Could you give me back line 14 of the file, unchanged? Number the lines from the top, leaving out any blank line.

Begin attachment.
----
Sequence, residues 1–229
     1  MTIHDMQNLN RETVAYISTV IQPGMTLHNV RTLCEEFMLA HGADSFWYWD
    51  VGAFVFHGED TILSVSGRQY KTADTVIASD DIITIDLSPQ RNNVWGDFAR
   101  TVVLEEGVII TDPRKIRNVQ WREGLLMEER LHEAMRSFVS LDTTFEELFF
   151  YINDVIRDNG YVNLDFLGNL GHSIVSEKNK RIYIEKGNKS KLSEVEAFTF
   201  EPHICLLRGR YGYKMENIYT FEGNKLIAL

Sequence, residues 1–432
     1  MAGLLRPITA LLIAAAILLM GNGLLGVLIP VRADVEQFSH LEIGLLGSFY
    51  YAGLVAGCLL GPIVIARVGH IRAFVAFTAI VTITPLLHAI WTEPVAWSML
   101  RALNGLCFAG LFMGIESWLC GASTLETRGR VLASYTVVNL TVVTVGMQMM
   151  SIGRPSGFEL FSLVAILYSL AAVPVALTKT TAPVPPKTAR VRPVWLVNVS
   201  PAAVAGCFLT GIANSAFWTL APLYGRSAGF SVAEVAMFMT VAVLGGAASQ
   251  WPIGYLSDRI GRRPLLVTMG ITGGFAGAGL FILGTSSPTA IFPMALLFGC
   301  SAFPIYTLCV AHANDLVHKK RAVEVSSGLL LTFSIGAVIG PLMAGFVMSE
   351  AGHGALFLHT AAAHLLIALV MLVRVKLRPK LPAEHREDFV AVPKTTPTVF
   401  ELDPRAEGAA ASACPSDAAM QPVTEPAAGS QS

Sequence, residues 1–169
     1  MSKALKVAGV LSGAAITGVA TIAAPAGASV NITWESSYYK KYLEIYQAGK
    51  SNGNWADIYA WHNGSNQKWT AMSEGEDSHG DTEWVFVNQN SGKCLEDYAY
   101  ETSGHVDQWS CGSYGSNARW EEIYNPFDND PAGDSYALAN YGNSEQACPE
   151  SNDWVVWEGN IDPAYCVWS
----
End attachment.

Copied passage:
   301  SAFPIYTLCV AHANDLVHKK RAVEVSSGLL LTFSIGAVIG PLMAGFVMSE